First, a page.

2015

Four Allergy Myths Worth Busting

Allergies are on the rise across the developed world and hay fever and eczema have trebled in the last 30 years. Yet allergies are an area of much confusion and concern. Although 40% of people report having a food allergy, in fact only 1-5% do, and allergists commonly report spending most of their consultations refuting firmly held beliefs that have no scientific foundation. Theories about allergy – some from medical research and some from lifestyle “gurus” – have led to conflicting information, making it hard to know what to believe. Because of this,Sense About Science worked with me and a number of allergists, immunologists, respiratory scientists and pharmacists to produce Making Sense of Allergies, a guide tackling the many myths and misconceptions about allergies. One common myth – something…

Mar
5
2015

Paracetamol Not Suitable for Long-term Use

Long-term use of paracetamol poses a small increased risk of gastrointestinal problems, high blood pressure and stroke, according to a review of eight studies. This means doctors should consider advising their patients on alternatives for long-term treatment, says researcher Professor Philip Conaghan of the Leeds Institute of Rheumatic and Musculoskeletal Medicine. His team analysed several studies relating to the use of paracetamol and published their results in the journal Annals of the Rheumatic Diseases. Two studies found a correlation between an increased relative rate of mortality from 0.95 to 1.63 and increasing doses of paracetamol. Four showed a link between paracetamol use and an increased risk ratio of cardiovascular problems, while another found an increased rate of gastrointestinal…

Feb
17
2015

What is the Paleo Diet?

Heralded for its long list of health benefits, the Paleo Diet has made its way into the mainstream over the past few years thanks to numerous best-selling books and TV celebrities such as My Kitchen Rules chef Pete Evans spreading the word about Paleo. Pete's book Family Food has enjoyed much success, and Paleo based food blogs and programs are springing up all over the internet. Converts are raving about the diet in their social circles and gyms, leaving many of us wondering what exactly is this Paleo diet we keep hearing all about? Also referred to as the "Primal", "Caveman" or "Stone Age" diet, the Paleo Diet is based on core principles from our hunter-gatherer, ancestral lifestyle. Although at first glance it may appear to be another new fad diet, Paleo is actually about returning to a…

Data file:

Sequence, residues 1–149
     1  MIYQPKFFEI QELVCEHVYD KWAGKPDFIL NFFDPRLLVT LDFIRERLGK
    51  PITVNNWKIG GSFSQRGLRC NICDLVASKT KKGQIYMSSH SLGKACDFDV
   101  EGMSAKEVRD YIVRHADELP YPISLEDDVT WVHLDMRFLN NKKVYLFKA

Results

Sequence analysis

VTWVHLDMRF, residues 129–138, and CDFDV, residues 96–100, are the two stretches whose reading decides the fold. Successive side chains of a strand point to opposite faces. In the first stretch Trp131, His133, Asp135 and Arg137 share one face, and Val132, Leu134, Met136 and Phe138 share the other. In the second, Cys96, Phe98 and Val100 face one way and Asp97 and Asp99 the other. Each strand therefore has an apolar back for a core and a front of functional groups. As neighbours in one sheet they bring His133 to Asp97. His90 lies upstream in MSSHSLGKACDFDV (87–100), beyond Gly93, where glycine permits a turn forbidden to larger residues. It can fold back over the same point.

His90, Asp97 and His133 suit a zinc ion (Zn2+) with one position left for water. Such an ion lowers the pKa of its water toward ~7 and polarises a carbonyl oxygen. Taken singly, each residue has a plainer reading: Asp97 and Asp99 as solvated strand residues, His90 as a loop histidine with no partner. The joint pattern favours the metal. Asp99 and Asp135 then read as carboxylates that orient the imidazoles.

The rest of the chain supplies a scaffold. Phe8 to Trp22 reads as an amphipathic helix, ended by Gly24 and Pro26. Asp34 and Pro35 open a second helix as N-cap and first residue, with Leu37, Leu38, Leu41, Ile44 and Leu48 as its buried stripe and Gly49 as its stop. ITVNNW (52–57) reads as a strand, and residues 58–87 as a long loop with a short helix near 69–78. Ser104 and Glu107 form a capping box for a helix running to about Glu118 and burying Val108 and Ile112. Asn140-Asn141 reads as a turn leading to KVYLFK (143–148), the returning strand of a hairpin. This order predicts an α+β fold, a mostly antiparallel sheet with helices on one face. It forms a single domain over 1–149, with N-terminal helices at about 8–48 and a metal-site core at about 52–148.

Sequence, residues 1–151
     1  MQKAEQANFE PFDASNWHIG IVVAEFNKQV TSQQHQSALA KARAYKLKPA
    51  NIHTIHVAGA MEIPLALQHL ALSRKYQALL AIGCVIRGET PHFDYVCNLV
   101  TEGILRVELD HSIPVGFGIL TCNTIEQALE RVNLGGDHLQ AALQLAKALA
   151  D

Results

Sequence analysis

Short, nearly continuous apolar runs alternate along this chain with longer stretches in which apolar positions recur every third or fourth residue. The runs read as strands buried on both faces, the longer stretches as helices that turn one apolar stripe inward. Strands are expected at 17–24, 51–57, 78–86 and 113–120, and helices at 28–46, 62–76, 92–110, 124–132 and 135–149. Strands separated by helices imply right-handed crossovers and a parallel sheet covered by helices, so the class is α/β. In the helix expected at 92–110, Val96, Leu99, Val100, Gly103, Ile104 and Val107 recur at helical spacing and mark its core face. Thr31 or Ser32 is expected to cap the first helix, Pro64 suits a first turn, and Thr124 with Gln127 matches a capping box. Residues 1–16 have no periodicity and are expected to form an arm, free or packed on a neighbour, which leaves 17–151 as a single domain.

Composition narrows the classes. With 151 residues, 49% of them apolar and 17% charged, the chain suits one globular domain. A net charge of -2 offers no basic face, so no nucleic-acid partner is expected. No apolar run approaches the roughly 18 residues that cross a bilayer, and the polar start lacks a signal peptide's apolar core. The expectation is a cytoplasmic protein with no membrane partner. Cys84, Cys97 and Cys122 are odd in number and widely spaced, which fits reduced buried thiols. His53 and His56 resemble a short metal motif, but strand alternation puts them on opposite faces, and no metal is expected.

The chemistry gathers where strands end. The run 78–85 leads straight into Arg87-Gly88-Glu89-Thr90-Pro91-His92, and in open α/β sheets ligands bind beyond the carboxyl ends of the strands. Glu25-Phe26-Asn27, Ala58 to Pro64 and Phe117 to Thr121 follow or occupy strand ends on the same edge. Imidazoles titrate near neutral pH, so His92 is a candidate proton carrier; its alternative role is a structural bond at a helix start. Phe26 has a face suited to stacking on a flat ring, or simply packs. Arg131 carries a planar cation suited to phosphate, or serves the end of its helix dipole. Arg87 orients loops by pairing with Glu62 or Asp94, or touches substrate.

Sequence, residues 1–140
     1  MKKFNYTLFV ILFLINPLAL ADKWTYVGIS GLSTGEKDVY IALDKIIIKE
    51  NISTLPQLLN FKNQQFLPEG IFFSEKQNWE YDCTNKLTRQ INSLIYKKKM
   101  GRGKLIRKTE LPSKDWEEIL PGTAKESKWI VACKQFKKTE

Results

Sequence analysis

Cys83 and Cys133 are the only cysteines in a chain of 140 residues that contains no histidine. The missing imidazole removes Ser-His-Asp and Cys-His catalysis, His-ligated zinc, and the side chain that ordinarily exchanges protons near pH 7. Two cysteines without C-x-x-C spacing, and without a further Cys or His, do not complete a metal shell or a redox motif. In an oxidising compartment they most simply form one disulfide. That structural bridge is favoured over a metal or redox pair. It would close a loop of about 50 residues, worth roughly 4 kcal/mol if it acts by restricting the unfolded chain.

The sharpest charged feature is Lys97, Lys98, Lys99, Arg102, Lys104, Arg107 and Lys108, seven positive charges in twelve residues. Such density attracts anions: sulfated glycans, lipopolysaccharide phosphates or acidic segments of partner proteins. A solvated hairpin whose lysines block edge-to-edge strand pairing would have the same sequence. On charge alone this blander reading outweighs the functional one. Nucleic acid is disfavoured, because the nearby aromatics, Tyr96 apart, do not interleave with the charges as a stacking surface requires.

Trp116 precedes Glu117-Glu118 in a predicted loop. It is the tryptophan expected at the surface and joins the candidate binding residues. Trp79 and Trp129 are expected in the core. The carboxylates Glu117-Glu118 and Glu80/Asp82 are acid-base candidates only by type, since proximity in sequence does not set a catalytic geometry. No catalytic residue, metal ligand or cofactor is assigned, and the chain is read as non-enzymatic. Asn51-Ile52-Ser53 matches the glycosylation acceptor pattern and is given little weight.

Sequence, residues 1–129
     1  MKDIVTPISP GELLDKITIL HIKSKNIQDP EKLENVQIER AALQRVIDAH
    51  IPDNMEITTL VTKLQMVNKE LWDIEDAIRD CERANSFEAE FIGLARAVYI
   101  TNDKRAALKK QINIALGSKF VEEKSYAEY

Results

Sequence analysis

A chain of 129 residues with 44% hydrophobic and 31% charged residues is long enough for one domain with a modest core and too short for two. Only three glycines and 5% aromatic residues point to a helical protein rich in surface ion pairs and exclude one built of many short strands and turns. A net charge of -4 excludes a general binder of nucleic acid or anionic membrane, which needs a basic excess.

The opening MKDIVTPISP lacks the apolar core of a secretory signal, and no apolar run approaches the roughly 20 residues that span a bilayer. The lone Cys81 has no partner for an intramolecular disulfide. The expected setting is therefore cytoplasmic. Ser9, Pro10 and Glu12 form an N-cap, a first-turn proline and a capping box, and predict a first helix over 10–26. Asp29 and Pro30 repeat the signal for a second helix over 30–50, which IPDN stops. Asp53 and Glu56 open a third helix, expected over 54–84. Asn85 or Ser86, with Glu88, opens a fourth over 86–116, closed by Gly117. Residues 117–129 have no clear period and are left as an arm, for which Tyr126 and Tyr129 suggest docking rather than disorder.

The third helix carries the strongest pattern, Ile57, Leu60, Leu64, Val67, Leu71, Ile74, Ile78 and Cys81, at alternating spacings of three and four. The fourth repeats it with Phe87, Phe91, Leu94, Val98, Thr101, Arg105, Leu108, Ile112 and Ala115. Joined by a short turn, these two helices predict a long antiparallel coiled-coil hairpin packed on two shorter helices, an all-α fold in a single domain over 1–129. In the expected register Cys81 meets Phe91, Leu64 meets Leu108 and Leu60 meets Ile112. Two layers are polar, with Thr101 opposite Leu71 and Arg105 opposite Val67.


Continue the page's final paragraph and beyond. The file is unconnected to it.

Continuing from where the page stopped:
Jan
21
2015

Link Made Between Uncontrolled Asthma and Mental Health Disorder

Adolescents with poorly controlled asthma are putting their mental health on the line, report Australian researchers. Their survey of 533 people aged 12-25 with asthma shows just over half have K10 scores which suggest they are likely to have a mental health disorder. This is double the rate in the wider adolescent population. A survey report released by Asthma Australia calls for GPs to better educate young patients on the management of their condition. It also highlights the need for additional training and support for GPs. The data shows few adolescents take their daily preventive medications, with many relying heavily on reliever medications such as Ventolin. “These young people’s reasons for not taking medications regularly included feeling well (and therefore feeling that the medications…